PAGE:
Date of Award

January 2014

Document Type

Thesis

Degree Name

Medical Doctor (MD)

Department

Medicine

First Advisor

Dennis D. Spencer

Second Advisor

Tore Eid

Subject Area(s)

Neurosciences, Medicine

Abstract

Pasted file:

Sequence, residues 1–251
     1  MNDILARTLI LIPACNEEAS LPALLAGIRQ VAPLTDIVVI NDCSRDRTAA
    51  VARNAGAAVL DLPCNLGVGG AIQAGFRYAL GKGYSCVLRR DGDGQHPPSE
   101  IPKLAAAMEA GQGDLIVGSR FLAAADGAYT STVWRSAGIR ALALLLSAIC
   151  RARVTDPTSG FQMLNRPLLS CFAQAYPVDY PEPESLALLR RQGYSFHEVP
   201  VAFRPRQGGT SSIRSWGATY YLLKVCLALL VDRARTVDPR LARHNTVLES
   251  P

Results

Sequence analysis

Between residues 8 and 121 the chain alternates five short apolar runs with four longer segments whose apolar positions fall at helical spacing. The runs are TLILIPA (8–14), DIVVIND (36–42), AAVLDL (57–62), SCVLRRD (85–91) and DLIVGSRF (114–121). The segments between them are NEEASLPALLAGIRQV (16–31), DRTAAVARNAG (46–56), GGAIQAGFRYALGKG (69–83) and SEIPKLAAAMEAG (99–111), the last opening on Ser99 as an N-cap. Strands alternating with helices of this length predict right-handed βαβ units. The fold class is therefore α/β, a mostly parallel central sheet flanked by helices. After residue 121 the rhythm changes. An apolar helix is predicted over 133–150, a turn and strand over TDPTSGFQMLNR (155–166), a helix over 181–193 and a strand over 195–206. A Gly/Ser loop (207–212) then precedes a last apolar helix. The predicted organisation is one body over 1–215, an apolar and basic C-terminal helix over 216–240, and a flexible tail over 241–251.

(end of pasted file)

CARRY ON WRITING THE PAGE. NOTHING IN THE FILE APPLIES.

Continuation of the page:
High levels of extracellular brain glutamate have been identified as a possible trigger of seizures in humans with localization-related epilepsies (LREs); however, the cause of the glutamate excess is not known. Here we explore the novel hypothesis that alterations in the branched-chain amino acids (BCAAs) valine, leucine and isoleucine in the brain are implicated in the glutamate excess observed in epilepsy. In a first effort to test this hypothesis, we explored the relationships among BCAAs, glutamate, and seizures in humans with LREs. Intracerebral microdialysis combined with tandem mass spectrometry was used to monitor extracellular levels of glutamate, glutamine, and BCAAs in epileptogenic and non-epileptogenic brain areas in 31 patients with medically refractory LREs. Intracranial electroencephalogram (EEG) recordings from depth electrodes attached to 79 microdialysis catheters were used to identify epileptogenic and non-epileptogenic areas. Basal samples were collected 1 day after electrode implantation and at least 6 hours away from a seizure. Microdialysis samples from selected patients were analyzed every hour starting 6 hours before a seizure and ending 6 hours after a seizure. Basal levels of valine, leucine and isoleucine were significantly correlated with glutamate (P < 0.0001). All amino acids levels except glutamine were significantly higher in epileptogenic vs. non-epileptogenic areas (P < 0.05). A ratio of 2:2:1 of valine:leucine:isoleucine was uniformly present across brain regions and time points. Finally, glutamate, glutamine, valine, leucine and isoleucine increased in concentration hours before a seizure in epileptogenic brain areas, but not in non-epileptogenic areas. These data suggest a novel role for BCAAs in the regulation of extracellular glutamate, and possibly also in the initiation of seizures in human LREs. However, further studies are required to establish whether a causal relationship exists among BCAAs, glutamate, and seizures. If such a cause-effect relationship exists, then BCAAs or their associated metabolic pathways can be considered as potential diagnostic or therapeutic targets for medically refractory LREs.

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